In Serrano on California Condominium Homeowner’s Association v. First Pacific Development et al, the Court of Appeals answered the question of when the statute of limitations begins to run on LLCs that have dissolved.
The case is the first published case to interpret when dissolution occurs under Washington’s Limited Liability Act, RCW 25.15 et seq., which was enacted in June 2006. The question before the court was when is the “effective date of dissolution” for an LLC that has been administratively dissolved. Under the statute, the statute of limitations for claims against LLCs is three years after the “effective date of dissolution.”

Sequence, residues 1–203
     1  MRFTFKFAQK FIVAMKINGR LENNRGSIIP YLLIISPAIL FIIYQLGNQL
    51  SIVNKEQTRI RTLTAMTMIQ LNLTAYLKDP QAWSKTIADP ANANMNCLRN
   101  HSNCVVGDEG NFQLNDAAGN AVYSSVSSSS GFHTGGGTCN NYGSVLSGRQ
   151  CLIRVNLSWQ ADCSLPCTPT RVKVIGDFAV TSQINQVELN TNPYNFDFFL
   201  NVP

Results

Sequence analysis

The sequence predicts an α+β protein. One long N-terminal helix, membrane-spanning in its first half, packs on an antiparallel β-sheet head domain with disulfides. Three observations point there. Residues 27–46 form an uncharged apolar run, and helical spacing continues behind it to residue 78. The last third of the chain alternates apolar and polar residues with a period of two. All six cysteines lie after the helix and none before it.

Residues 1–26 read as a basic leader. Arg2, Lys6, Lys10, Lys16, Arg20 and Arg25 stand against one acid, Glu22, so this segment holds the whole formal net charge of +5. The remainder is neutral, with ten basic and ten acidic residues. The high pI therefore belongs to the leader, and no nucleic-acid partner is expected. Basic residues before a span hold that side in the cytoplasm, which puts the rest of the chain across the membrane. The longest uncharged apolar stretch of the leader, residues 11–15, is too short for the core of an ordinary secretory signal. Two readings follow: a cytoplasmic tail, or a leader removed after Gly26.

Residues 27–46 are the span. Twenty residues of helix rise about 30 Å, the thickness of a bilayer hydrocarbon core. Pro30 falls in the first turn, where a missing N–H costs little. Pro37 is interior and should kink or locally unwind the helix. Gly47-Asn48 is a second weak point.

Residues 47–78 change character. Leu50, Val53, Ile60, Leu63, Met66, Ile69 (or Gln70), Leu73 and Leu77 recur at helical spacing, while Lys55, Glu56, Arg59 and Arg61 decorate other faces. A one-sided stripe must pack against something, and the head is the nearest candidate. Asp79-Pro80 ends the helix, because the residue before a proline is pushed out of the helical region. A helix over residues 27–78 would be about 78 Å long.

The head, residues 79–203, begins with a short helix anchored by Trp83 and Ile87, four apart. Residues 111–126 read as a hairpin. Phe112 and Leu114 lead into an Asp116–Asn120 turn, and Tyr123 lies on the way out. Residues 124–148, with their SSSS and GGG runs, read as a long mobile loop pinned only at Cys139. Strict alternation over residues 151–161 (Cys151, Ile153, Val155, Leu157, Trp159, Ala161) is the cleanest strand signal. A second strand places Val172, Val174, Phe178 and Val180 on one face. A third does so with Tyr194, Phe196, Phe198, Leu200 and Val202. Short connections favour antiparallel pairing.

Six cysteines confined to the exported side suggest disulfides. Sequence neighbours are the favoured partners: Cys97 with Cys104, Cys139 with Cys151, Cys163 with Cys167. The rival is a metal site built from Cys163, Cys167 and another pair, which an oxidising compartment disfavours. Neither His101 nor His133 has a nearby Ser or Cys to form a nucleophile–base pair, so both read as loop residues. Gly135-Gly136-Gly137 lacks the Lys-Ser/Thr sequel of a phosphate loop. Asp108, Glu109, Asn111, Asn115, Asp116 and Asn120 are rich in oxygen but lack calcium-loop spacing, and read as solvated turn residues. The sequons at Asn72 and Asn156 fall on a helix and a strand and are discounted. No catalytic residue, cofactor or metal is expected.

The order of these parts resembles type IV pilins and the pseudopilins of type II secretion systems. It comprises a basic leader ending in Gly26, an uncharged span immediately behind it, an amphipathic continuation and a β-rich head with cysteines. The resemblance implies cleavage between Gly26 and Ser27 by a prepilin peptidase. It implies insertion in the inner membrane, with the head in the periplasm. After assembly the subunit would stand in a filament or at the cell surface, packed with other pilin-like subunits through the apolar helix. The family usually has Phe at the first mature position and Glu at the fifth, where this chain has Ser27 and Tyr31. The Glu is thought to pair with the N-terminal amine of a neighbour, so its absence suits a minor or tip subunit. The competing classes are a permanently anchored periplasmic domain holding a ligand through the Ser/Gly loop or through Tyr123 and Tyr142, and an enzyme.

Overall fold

The subcontractor in this case argued that the effective date of dissolution occurred when the subcontractor’s LLC was administratively dissolved. The general contractor argued that the effective date for an LLC that has been administratively dissolved did not occur until two years after administrative dissolution when the LLC’s affairs have been “wound up” under RCW 25.15.270 and its certificate of formation is cancelled by the Secretary of State under RCW 25.15.290(4).
The Court of Appeals sided with the subcontractor and ruled that the “effective date of dissolution” occurred when the LLC was administratively dissolved. Therefore, the three year statute of limitations began to run on the date of administrative dissolution.